DeCA Builds Student Career Program
By Bonnie Powell
National Guard Bureau
FORT LEE, Va., Mar. 27, 1997 The Defense Commissary Agency is embarking on a cooperative program that allows students to earn school credit while they learn the grocery business -- the DeCA way.
Test sites at stores have already been selected for the new Commissary Operations Student Career Experience Program. The agency plans to implement the program this fall, depending on student recruiting.
U.S. pilot sites will be Redstone Arsenal, Ala.; Miramar Naval Air Station, Calif.; Peterson Air Force Base, Colo.; Eglin and MacDill Air Force bases, Fla.; Forts Benning, Stewart and Gordon, Ga.; Barksdale Air Force Base, La.; Whiteman Air Force Base, Mo.; Offutt Air Force Base, Neb.; Minot Air Force Base, N.D.; Fort Drum, N.Y.; Kelly Air Force Base, Texas; Fort Lee, Va.; and McChord Air Force Base, Wash.
The agency plans to recruit outstanding students through local school systems, often with the help of commissary officers and cooperative extension 4-H clubs. A typical schedule includes attending regular morning classes, Monday through Friday. Afternoon schedules would alternate between working in the commissary and attending related classes at school using Cornell University home study courses.
Students will participate in a two-year program at the junior and senior levels, working in all aspects of the grocery industry including customer service, grocery, meat and produce departments.
Participating commissaries will assign students their own employee mentor who will teach and evaluate them while they are working, said Kristen Ogden, chief of the agency's Staffing and Career Management Division. The mentors receive a training guide that covers everything from orientation to progress reports.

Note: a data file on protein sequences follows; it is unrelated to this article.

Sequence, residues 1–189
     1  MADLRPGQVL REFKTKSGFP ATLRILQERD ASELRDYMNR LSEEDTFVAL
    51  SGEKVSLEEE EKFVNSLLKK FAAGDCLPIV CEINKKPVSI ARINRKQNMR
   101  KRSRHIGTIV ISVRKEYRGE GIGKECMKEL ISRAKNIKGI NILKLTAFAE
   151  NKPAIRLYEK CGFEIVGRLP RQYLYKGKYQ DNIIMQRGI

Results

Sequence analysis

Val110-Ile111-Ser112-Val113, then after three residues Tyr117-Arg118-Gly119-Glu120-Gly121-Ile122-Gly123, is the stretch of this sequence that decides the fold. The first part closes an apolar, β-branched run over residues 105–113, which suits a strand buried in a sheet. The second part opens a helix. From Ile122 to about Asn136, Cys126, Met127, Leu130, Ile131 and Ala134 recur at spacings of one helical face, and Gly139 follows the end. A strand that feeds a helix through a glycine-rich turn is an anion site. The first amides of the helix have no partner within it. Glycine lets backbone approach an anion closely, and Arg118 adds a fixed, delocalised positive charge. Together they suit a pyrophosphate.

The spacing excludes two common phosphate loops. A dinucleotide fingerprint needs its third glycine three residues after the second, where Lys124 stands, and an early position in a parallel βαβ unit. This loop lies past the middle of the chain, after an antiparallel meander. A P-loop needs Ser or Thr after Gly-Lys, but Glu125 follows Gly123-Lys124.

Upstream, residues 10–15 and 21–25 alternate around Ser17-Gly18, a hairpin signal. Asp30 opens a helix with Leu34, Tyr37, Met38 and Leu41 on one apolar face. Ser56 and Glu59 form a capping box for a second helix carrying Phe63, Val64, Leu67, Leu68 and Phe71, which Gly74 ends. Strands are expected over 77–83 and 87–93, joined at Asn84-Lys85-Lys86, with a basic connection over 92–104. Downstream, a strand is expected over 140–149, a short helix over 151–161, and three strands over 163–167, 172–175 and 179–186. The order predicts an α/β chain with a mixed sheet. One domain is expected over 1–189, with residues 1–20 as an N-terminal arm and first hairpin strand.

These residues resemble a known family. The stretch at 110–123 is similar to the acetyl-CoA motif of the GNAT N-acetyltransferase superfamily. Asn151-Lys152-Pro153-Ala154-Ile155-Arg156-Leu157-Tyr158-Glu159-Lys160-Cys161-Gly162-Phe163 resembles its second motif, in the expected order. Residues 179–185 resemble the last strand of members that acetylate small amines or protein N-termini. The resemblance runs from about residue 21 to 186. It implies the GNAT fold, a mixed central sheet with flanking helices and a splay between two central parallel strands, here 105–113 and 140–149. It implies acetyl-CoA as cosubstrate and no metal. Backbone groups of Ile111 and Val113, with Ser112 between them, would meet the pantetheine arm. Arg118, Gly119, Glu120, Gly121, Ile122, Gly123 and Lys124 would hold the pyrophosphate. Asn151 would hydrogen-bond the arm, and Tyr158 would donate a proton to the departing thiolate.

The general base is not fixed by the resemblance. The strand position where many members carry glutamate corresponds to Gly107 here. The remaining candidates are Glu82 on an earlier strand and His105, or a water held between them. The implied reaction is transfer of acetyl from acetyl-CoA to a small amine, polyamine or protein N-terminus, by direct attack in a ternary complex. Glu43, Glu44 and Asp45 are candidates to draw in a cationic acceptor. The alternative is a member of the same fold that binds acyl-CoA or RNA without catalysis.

Students will be employed initially at a GS-1 level and then as a WG-1 in their second year. Within 120 days of their high school graduation, DeCA has the option of offering them permanent employment. If they want to go to college, the agency may be able to reappoint them as students and fund their college courses, said Ogden, adding the door may be open to full-time summer employment. "This program is very much open-ended at this point -- we are just getting started," she said.
The involvement of cooperative extension 4-H clubs in this nationwide program is unusual, said DeCA personnel staffing specialist Crystal Wade. "The liaison with 4-H is particularly beneficial in getting the program going in the commissaries, and on a wider scale," she said. That means getting retail grocers involved, too. "Local schools may be hesitant to start the program if it only involves one or two students at the commissary," she said.
The Student Career Experience Program is still in the planning stages in Europe, said European Region Personnel Director Jerry Oestreich. "We have a lot of coordination and some tailoring needed for the overseas area, but we're looking forward to a future implementation. The European pilot sites will be determined closer to the implementation date, but there is a potential for sites in Germany, Belgium and Italy."
(Note to editors: Participating commissary officers will be recruiting students this spring for the fall semester)
(Courtesy of Defense Commissary Agency)